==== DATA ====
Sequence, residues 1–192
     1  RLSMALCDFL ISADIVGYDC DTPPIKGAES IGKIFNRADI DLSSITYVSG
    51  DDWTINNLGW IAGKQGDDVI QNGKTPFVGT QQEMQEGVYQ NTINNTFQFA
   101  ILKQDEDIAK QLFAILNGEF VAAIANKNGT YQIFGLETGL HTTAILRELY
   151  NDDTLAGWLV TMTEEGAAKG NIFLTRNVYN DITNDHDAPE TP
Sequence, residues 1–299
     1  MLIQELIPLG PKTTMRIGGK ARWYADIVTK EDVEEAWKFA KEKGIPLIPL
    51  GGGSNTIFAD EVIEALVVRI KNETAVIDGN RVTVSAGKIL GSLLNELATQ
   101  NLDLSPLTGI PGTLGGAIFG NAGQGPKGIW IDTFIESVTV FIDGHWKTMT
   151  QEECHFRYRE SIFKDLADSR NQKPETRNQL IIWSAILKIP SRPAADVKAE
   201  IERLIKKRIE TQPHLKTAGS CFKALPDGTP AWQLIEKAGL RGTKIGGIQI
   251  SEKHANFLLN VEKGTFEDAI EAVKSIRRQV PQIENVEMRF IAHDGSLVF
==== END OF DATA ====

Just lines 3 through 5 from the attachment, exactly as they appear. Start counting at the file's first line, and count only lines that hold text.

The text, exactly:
    51  DDWTINNLGW IAGKQGDDVI QNGKTPFVGT QQEMQEGVYQ NTINNTFQFA
   101  ILKQDEDIAK QLFAILNGEF VAAIANKNGT YQIFGLETGL HTTAILRELY
   151  NDDTLAGWLV TMTEEGAAKG NIFLTRNVYN DITNDHDAPE TP